More children in Syria dying of malnutrition
This article originally appeared on The Media Line.
In one town in Syria an hour’s drive from Damascus, 86 people have died from causes related to the Syrian government siege of the town – 65 from malnutrition and starvation, 14 from landmines, six from snipers and one from a chronic health condition. Almost all of them could have been saved if they had access to food, medication, medical equipment and medical treatment, according to a new report by two human rights groups.
The report by Physicians for Human Rights (PHR) and The Syrian American Medical Society (SAMS) says that the town of Madaya today houses 40,000 Syrians, four times the town’s original population. It is surrounded by landmines, checkpoints, and snipers. There is not enough food, and medical care is given by two dentistry students and a veterinarian.
“What do we expect two dentistry students, a veterinarian and a field hospital to do for these cases, each one in need of specialized care? We are in an impossible situation,” Dr. Muhammad Darwish, one of the dentistry students asks in the report.
In another example, Dr. Mohammad Yousef, a veterinarian, performed a caesarean section.
“We had to make the family sign an agreement saying we are not liable if there were complications and the mother or infant died during the surgery,” Dr. Yousef told The Media Line. “We were so afraid during the operation, but it was a success. We cried tears of joy and thanked God for allowing us to save the mother and her child.”
The report details the cases of 65 people in Madaya, many of them children, who died from malnutrition and starvation between November 2015 and the end of May 2016. Countless others have suffered the effects of malnutrition including osteoporosis. Doctors say many in the town could suffer effects in the future including “stunted growth, poor mental development, behavior abnormalities, insulin resistance and hypertension.”
Only occasional shipments of food and medicine have been allowed into the city, and residents have not been able to leave.
PHR calls on the Syrian government to “lift all sieges and allow freedom of movement for all civilians, including medical personnel, in, out, and across all towns.” In addition the UN and non-governmental humanitarian organizations must be allowed to reach all besieged areas to provide supplies and services to people in need. The human rights groups also call on the Syrian government to remove all procedural and other bureaucratic delays that continue to hamper the delivery of lifesaving aid.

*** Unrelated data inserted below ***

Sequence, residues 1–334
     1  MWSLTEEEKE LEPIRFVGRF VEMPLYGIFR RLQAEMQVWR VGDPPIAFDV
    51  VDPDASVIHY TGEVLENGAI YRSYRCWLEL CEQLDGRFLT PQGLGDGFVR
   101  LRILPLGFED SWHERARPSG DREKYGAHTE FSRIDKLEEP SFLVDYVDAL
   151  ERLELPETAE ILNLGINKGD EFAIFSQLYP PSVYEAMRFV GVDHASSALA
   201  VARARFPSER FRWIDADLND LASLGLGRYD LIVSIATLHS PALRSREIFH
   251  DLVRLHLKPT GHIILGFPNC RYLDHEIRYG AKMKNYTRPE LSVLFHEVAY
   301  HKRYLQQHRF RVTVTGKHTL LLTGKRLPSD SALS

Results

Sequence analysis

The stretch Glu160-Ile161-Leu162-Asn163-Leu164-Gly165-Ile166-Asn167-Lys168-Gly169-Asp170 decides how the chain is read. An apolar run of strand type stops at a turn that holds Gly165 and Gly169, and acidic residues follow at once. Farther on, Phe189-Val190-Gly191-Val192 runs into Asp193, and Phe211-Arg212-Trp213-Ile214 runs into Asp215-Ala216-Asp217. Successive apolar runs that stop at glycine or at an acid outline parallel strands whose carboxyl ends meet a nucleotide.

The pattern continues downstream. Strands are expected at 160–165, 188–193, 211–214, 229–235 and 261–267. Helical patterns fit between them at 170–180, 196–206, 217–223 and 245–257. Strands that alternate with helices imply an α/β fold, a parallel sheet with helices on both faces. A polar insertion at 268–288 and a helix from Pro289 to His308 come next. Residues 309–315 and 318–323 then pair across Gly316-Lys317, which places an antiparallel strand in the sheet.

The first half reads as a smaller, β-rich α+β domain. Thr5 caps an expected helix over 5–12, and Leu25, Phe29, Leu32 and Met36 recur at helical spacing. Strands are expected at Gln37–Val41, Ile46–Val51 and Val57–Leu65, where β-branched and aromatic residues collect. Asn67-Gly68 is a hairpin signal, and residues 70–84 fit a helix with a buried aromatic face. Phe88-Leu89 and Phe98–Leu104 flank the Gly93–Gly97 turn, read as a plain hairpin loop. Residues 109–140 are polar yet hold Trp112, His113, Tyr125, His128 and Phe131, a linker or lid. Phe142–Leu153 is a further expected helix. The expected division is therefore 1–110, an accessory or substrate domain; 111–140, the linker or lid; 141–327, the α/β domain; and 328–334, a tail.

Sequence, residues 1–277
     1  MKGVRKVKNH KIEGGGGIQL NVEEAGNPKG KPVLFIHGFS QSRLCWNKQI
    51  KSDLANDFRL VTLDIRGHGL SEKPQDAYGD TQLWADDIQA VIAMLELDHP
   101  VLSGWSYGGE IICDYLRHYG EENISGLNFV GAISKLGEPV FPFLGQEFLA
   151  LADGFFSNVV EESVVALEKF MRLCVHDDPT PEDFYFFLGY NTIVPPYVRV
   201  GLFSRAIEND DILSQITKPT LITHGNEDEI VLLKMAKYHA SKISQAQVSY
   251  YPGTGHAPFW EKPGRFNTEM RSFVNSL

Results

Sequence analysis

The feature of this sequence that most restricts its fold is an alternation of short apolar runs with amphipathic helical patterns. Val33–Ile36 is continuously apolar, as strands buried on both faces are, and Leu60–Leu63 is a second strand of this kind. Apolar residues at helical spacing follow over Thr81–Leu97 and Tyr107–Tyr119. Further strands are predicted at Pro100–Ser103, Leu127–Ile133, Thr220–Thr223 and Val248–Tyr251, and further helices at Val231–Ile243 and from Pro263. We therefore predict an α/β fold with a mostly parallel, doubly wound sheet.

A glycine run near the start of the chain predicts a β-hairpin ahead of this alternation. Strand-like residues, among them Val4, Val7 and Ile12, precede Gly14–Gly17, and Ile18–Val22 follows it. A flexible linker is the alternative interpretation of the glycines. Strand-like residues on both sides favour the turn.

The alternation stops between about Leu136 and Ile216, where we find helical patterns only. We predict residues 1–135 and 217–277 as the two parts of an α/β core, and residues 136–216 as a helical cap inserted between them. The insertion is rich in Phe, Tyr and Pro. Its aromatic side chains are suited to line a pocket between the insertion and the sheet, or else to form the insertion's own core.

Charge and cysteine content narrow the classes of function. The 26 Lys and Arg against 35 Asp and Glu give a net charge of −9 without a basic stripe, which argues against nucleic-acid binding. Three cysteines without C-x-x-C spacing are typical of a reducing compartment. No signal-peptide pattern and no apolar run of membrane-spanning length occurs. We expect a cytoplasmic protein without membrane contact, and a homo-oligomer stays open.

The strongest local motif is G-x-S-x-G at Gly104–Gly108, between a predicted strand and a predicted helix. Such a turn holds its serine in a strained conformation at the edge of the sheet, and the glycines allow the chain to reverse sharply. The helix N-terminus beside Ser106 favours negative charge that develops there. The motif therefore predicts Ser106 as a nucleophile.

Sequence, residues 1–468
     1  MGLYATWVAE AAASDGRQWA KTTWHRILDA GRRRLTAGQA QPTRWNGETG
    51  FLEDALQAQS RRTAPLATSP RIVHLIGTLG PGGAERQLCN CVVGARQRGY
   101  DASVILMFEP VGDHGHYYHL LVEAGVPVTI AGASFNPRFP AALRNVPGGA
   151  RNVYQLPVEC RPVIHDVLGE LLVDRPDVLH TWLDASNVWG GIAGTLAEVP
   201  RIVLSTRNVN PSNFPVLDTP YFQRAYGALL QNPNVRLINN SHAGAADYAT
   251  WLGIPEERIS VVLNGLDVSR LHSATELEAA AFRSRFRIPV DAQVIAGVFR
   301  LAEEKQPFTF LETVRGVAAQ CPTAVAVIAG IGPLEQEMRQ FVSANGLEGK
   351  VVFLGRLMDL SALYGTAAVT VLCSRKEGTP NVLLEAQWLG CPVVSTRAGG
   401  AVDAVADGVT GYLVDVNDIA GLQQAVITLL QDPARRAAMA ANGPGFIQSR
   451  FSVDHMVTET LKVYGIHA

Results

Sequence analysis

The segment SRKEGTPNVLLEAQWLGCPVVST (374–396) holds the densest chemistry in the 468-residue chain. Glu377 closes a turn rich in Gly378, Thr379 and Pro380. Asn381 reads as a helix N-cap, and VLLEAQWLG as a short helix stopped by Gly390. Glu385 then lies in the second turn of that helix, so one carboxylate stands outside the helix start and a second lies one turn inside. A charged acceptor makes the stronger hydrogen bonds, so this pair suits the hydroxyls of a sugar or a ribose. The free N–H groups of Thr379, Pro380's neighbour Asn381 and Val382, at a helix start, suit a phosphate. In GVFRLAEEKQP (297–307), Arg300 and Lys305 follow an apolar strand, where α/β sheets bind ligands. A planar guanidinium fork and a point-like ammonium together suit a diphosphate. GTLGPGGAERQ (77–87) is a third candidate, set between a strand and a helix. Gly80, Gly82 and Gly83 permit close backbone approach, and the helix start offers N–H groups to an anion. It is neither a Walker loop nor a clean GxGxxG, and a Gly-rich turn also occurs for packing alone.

Madaya is only one example of the difficulties that Syrian citizens are facing. Forces loyal to the Syrian government have seized control of the Castello Road, the last road into Aleppo cutting off supplies of food and aid to the 300,000 Syrians there – about half of them rebel fighters and half civilians.
Human rights groups say there are some stocks of food and medical supplies but they will run out quickly if they are not replenished.
The siege comes after heavy fighting in Aleppo.
“Every day there are 70 or 80 airstrikes attacking everything on the ground –hospitals, schools or shops,” Dr. Abdelaziz Aladel, a surgeon in Aleppo told The Media Line. “The attacks hit the same area over and over, meaning anyone who tries to help can also be wounded.”
He said there are only about 25 doctors left in the city.
However, it is not only children inside Syria who are suffering. Another group, Human Rights Watch, also issued a report today saying that more than half of the almost half a million Syrian refugees in Lebanon do not go to school or receive any formal education.
There are more than 1.1 million Syrian refugees registered in Lebanon and almost half of them are between the ages of 3 and 18. Lebanon has allowed Syrian children to attend public schools, fewer than half have done so, mostly because the schools are far from where they live or they have limited resources. The finding means that hundreds of thousands of Syrian children have not received any formal education for up to five years.
“Despite Lebanon's progress in enrolling Syrian children, the huge number of children still out of school is an immediate crisis, requiring bold reforms,” said Bassam Khawaja, a Sandler fellow in the children's rights division at Human Rights Watch. “Children should not have to sacrifice their education to seek safety from the horrors of war in Syria.”